16Main Data Collection Process Surveys were sent to all able FRF members (2,556 members) in two waves. A drawing for an iPad 2 was used as an incentive for respondents. 65 responses were received – a 2.54% response rate.First wave sent on 10/25/201146 ResponsesSecond wave sent on 10/31/201119 Responses
24Respondents Who Hired College Graduates 220 Hires Were Made Within the Last 5 years (roughly one a year)Store Level Positions: 7725% Sales22% Retail Management20% Store Manager/Asst. Store MangerCorporate Level Positions: 14312% Management Trainee11% Sales10% Information Technology10% Finance9% Human ResourcesSatisfaction with Hires = 78/100
25Perceptions of Recent College Grads Needs Improvement (M 3)Meets Expectations ( 3 < M < 3.5 )Understand financial statements/financial analysisUnrealistic expectationsWilling to “pay dues”Understanding the “big picture”Knowledge of career pathsMerchandisingVerbal/written communicationPresentation skillsLeadershipTeam managementProject managementProduct knowledgeEntrepreneurship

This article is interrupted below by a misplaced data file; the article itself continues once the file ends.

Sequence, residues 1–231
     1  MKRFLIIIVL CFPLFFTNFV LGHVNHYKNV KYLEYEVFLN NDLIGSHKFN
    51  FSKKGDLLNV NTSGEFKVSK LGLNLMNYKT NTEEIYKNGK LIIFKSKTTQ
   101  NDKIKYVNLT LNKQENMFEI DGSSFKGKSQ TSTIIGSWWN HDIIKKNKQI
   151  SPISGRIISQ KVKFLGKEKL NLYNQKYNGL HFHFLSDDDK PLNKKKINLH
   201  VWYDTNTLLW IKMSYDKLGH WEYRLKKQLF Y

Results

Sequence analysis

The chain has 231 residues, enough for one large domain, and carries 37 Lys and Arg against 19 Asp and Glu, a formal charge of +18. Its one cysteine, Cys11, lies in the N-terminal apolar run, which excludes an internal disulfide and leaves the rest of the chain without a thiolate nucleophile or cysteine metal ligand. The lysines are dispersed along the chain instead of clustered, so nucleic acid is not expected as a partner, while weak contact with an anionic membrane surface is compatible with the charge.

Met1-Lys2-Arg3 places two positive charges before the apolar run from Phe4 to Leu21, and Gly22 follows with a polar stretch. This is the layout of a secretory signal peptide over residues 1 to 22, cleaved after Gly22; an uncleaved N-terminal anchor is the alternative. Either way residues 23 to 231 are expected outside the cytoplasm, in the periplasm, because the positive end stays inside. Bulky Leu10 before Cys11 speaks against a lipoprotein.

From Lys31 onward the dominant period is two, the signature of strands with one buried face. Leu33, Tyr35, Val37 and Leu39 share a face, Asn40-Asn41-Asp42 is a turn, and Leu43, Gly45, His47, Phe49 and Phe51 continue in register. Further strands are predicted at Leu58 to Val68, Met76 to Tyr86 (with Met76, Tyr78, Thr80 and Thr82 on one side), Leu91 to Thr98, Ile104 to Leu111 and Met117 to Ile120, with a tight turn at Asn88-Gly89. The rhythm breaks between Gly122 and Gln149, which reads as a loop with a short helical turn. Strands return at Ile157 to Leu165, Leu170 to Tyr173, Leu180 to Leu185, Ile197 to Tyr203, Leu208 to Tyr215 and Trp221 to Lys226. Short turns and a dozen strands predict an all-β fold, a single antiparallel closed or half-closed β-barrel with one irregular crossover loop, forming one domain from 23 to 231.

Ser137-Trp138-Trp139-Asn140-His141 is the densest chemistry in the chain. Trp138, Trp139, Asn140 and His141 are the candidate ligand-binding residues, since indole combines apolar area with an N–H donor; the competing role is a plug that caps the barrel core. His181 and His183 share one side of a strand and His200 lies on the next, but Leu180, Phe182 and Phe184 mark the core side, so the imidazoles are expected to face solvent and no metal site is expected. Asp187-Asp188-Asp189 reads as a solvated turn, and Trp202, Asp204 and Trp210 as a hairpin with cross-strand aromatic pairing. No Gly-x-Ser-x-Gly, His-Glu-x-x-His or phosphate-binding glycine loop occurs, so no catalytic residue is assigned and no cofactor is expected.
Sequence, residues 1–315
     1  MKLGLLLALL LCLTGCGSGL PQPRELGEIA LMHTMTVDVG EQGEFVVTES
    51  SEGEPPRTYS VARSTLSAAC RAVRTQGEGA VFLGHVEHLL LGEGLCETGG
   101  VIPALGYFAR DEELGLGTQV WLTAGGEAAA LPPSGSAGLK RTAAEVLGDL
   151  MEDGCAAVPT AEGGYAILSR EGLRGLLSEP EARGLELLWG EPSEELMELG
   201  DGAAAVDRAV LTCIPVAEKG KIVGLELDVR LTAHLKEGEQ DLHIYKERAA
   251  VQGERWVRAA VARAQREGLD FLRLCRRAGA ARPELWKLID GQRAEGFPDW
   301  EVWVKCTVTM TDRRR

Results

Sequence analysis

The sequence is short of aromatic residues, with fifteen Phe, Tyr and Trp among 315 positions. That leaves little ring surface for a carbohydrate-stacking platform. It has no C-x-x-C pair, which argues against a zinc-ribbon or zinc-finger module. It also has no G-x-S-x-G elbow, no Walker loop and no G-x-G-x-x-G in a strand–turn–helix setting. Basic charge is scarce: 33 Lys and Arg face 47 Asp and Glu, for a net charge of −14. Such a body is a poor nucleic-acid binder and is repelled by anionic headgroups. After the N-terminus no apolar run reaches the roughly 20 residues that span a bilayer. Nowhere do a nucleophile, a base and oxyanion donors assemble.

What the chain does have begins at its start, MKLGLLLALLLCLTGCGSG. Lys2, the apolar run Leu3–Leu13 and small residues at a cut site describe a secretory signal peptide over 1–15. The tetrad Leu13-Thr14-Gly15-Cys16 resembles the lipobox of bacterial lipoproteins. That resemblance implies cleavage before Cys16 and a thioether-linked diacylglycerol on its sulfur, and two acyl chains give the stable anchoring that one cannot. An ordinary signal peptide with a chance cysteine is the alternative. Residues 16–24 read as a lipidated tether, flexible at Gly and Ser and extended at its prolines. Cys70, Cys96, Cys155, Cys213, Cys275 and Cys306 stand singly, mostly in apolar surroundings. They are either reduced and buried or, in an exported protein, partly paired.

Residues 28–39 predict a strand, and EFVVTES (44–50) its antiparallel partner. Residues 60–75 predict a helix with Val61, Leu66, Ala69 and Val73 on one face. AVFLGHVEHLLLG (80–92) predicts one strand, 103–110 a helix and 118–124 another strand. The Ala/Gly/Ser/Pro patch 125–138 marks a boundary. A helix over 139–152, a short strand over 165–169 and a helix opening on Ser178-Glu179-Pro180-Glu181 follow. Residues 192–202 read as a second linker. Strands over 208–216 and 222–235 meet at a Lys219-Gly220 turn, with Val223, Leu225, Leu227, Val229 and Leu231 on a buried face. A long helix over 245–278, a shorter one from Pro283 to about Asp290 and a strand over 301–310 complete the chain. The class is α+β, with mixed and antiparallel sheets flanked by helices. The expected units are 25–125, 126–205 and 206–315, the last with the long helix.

26Perceptions of Recent College Grads Exceeding Expectations (M > 3.5)Technology SkillsInnovativenessMultitaskingBasic Retail Math
27Skills RankingEmployers often desire a blend of hard and soft skills. On average, the ideal blend of hard and soft skills: Soft Skills vs. Hard Skills 53% vs. 47%Most Important Soft SkillsCustomer ServiceLeadership SkillsVerbal CommunicationMost Important Hard SkillsComputer CompetencyProduct Knowledge
28Most Important Soft Skills % Ranked in the Top 5/11MedianRankingCustomer Service78.9%1Verbal Communication73.7%2Leadership68.4%3Managing Others47.4%2.5Written Communication42.1%Presentation Skills4* Skills are listed in order of a combination of columns 2 & 3* For rankings: 1 = Most important
29Hard Skills Most Important Hard Skills % Ranked in the Top 5/10 Median RankingComputer Technology78.9%2Product Knowledge68.4%Financial Analysis44.7%Store Merchandising52.6%3Retail Math60.5%4Forecasting/Trend Analysis42.1%3.5Human Resources26.3%2.5Project Management36.8%Supply Chain* Skills are listed in order of a combination of columns 2 & 3* For rankings: 1 = Most important